Acts of kindness

I don't know about you, but lately it seems as if people are just these utter horrible beings. We are horrid, selfish, mean beings. I read things, and am utterly amazed at the ugliness we're capable of.

And then yesterday happened. Keiden and I were doing our weekly traipsing around town. The morning wasn't off to the best start - someone tried to queue jump when I was getting coffee; queue jumpers are one of the shining examples of snowflake syndrome.

And then as I was walking around - Keiden in carrier (front carry), backpack on my back and library bag in hand - I noticed my laces had come lose and let out a "Ugh, darn it." A lady was walking by at that moment, she saw my face and offered to help. I said no thanks, I can handle this while looking for a spot to put things down. She told me not to be silly, and just tied my laces. A small thing for her to do, but it made a big difference to me.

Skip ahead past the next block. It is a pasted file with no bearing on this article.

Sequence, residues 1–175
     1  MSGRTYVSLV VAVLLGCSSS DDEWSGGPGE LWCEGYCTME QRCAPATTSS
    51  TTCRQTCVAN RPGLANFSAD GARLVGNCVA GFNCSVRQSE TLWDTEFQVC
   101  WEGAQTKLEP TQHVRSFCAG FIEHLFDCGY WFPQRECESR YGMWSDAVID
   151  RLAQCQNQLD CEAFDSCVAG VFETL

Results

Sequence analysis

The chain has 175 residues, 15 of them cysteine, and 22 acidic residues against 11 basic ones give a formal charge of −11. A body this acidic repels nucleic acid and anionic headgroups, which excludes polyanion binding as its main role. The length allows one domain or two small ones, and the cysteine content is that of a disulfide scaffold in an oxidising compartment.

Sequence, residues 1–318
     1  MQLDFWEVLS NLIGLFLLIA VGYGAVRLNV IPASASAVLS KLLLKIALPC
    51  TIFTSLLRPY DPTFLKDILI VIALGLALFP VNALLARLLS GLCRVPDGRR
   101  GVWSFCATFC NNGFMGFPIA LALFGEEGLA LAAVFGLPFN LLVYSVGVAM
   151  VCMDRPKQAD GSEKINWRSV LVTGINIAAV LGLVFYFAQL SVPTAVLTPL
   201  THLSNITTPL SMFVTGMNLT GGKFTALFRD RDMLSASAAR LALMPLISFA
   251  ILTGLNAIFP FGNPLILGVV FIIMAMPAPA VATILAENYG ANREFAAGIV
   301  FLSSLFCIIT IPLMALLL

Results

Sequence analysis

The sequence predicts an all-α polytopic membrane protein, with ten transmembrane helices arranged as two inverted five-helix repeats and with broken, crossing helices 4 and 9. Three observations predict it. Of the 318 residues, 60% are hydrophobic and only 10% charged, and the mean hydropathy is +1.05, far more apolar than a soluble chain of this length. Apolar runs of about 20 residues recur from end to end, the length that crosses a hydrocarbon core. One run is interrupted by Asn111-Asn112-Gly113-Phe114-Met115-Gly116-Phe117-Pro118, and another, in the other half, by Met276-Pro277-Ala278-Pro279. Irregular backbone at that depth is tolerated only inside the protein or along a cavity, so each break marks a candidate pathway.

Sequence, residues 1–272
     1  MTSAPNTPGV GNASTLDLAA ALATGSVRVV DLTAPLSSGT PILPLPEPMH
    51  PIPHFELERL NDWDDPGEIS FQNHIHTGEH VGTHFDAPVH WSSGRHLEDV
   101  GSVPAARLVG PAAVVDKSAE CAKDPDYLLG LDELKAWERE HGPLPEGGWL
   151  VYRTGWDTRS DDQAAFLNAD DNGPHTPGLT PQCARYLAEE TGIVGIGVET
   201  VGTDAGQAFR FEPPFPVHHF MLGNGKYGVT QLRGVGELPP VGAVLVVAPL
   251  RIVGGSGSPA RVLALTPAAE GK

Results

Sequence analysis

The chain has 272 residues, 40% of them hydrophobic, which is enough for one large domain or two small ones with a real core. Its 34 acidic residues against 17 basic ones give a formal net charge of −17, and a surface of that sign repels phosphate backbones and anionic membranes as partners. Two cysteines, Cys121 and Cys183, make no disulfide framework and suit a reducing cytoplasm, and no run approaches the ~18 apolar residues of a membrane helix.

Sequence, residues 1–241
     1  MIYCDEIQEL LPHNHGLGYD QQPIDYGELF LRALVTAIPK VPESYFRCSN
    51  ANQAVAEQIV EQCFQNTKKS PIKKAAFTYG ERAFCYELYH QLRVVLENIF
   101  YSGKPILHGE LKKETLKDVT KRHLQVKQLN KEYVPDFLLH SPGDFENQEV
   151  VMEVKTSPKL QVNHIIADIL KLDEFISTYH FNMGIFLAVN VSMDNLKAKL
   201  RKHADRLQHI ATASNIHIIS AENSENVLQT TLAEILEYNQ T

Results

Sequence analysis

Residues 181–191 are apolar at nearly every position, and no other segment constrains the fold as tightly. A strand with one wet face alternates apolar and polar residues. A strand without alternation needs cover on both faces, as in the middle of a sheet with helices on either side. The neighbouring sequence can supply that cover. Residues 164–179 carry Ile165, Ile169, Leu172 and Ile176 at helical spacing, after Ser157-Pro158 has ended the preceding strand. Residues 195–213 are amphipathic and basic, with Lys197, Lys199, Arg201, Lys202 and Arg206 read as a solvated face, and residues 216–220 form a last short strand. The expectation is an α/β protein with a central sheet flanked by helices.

After that we were at Bargain Books - where I found an amazing magnetic weather board - and the folks who worked there were just amazing. Not only did the show me what I was looking for - expected customer service for me, but you don't always get that - they also helped me find a cheaper alternative and they put it aside for me so that I didn't need to walk around with it all the time. A small thing for them, but not for me.

We went to the library, got our books and headed out. Keiden was happy to walk until we got just past anywhere to put anything down to put him into the carrier. As I'm standing there surrounded by bags this guy stops and says "Let me help." I do the usual no thanks, and next thing I know I'm all sorted. A small thing for this guy, but big for me.